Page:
Armani Rogers, for the most part, lived up to the high expectations that greeted him in his first football season as UNLV’s starting quarterback.
He was named the Mountain West Freshman of the Year. He set the school freshman and quarterback rushing records with 780 yards. He also passed for 1,471 yards.
The one noticeable blemish, though, was not a small one. Rogers completed 52.4 percent of his passes; the six highest-rated conference quarterbacks each completed more than 60 percent.
If Rogers, an imposing figure at 6 feet 5 inches and 225 pounds with the athleticism to match, is to fulfill his potential, that completion percentage needs to come up.
“We always shoot to be over 60,” quarterbacks coach Ron O’Dell said. “So 65 to 70 would be awesome. Last year when he got tired, he stopped his feet a little bit. He’s in great shape now and he’s working on his feet a lot, so I think he’s going to be a lot more accurate, too.”
UNLV opened its training camp Friday morning at Rebel Park, nearly a month prepare for the Sept. 1 season opener at Southern California.
Among the items on a quarterback’s to-do list, increasing accuracy is among the easier tasks. Rogers’ ability to run through linebackers and throw the ball in the air from his end zone past the 50-yard line are attributes that are much more difficult to replicate.
Coaches can design game plans to create early easy throws to raise a quarterback’s confidence level to be able to complete more difficult passes in the second half. Having a year in the system is important as well.
“Recognizing defenses slows the game down tremendously,” Rogers said. “So it helps me out a lot.”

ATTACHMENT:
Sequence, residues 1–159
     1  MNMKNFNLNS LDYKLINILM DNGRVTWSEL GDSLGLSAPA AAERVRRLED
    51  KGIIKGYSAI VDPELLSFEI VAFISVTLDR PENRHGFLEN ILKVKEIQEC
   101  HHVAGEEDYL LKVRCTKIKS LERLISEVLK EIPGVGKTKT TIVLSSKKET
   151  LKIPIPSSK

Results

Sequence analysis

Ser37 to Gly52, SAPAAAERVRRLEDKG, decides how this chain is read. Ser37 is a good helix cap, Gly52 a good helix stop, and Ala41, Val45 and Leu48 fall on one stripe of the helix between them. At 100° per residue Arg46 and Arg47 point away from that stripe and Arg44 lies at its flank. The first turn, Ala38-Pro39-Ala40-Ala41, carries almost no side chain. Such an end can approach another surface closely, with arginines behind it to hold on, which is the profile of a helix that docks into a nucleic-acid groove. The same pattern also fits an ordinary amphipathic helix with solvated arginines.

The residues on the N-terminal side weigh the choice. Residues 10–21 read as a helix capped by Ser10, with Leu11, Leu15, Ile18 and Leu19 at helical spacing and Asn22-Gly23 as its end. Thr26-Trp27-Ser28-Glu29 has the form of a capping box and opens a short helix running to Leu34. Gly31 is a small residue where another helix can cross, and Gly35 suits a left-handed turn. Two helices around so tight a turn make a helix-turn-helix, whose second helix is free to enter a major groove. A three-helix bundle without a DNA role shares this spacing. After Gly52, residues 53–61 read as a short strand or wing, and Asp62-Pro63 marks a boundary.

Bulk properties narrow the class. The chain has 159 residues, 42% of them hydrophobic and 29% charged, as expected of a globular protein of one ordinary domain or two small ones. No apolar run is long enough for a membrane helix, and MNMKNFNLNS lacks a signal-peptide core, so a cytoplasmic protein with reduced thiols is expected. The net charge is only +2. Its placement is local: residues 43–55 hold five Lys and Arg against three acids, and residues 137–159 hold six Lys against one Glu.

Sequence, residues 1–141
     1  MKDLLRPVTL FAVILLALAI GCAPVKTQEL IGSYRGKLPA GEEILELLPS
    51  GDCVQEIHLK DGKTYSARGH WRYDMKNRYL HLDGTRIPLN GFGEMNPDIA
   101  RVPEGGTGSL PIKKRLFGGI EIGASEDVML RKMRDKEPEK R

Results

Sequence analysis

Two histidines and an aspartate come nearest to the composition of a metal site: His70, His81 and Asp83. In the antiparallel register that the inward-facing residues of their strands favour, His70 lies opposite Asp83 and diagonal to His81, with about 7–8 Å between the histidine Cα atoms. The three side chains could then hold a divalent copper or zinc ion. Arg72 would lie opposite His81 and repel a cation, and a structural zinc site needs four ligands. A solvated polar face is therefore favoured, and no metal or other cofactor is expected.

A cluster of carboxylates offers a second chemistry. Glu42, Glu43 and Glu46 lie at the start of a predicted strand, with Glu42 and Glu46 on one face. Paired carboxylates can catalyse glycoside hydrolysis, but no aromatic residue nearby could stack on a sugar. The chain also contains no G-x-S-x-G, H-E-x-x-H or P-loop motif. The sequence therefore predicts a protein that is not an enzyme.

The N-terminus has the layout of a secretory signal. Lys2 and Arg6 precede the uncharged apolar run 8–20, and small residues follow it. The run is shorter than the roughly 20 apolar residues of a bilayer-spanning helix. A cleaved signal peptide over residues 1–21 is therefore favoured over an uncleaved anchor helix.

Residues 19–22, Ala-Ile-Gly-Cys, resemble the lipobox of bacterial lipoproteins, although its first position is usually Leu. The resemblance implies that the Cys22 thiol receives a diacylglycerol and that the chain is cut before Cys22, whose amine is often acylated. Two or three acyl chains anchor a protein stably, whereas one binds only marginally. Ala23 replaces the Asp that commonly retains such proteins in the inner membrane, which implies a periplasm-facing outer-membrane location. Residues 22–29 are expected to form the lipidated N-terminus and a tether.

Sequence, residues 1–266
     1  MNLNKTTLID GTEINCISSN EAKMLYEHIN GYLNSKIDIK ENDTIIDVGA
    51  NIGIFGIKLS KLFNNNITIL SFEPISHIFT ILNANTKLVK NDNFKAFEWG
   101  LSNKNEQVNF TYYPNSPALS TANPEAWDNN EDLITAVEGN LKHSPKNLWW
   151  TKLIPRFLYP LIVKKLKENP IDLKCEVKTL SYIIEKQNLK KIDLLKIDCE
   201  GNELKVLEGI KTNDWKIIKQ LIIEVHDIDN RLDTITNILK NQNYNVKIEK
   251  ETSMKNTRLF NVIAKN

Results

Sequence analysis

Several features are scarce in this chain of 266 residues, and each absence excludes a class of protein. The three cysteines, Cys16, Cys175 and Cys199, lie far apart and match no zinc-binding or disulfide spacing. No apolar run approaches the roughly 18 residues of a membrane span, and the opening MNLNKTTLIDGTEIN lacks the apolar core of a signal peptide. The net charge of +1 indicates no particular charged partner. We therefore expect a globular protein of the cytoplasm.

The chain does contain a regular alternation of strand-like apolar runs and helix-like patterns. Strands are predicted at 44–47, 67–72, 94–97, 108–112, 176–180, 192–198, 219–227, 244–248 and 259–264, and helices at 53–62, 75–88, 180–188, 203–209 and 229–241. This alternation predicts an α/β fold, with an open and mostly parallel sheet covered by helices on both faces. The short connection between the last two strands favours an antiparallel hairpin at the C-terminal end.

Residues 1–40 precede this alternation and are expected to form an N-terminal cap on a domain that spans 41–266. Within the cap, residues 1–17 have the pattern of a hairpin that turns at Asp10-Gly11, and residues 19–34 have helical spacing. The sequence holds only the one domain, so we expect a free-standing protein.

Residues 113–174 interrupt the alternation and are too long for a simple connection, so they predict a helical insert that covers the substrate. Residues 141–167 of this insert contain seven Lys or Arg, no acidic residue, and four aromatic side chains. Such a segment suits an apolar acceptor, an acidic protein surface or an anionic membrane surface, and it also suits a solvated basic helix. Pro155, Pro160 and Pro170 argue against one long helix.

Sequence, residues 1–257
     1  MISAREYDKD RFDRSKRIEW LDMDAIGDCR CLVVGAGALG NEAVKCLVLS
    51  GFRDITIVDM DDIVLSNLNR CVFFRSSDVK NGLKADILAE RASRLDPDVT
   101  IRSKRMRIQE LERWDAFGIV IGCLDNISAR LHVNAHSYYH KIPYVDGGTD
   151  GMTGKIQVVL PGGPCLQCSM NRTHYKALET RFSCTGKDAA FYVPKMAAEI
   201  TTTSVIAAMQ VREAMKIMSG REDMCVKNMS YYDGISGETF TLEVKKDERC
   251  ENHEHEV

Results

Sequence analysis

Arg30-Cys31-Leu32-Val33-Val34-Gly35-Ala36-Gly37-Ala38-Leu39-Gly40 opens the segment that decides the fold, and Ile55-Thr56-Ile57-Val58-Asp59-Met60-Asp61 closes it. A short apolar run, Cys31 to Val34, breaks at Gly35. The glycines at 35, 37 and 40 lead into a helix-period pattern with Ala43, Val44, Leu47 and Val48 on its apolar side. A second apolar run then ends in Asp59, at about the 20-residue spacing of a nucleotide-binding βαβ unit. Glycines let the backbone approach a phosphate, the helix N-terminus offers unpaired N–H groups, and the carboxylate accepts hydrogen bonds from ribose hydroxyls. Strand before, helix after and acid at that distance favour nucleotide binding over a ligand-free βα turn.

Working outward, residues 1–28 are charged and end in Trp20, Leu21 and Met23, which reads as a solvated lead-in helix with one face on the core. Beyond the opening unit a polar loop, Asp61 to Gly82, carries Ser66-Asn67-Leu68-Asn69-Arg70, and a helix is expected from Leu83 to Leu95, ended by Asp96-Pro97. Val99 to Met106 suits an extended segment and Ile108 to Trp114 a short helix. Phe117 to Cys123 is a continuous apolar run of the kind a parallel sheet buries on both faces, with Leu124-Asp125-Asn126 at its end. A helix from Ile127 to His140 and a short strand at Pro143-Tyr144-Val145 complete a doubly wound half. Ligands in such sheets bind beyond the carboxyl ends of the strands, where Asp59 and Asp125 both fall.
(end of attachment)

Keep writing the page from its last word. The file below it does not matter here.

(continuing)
Coach Tony Sanchez has noticed the difference in Rogers’ approach.
“His demeanor is different,” Sanchez said. “His level of confidence is different, the way he walks on the field, the way he talks in the huddle. Obviously, he’s still a young player, and he’s got to continue to develop.
“We really want to see that during the course of camp. It really comes down to decision making, but I think the style of offense that we’re playing now, how we’ve kind of geared it toward him, I think it’s going to help make him a more efficient passer.”
Rogers needs consistency, but he has shown the ability to put the ball in tight spots.
Needing a last-ditch drive Nov. 17 at New Mexico, Rogers completed a pinpoint 50-yard pass to Darren Woods Jr., and then followed on the next play with an on-target 14-yard touchdown throw to Kendal Keys with 25 seconds left to win 38-35.
Rogers also doesn’t force many throws, tossing just five interceptions in 189 passes last season. That tied for the second-lowest total among the conference’s top 10 quarterbacks listed by passing yardage.
Imagine how much more difficult it would be for opponents to defend Rogers if his completion percentage rose to 65 and beyond.
He already is tough enough to stop whether he’s running the ball or handing off to running backs Lexington Thomas or Charles Williams in run-pass option calls.
“The whole offense is going to be more dangerous with (a higher completion percentage),” O’Dell said. “We have great backs. Our O-line is doing a great job.
“So we have to make sure we’re a little more accurate with our decisions, too, making the right read, the right decision. And then everything else kind of takes care of itself.”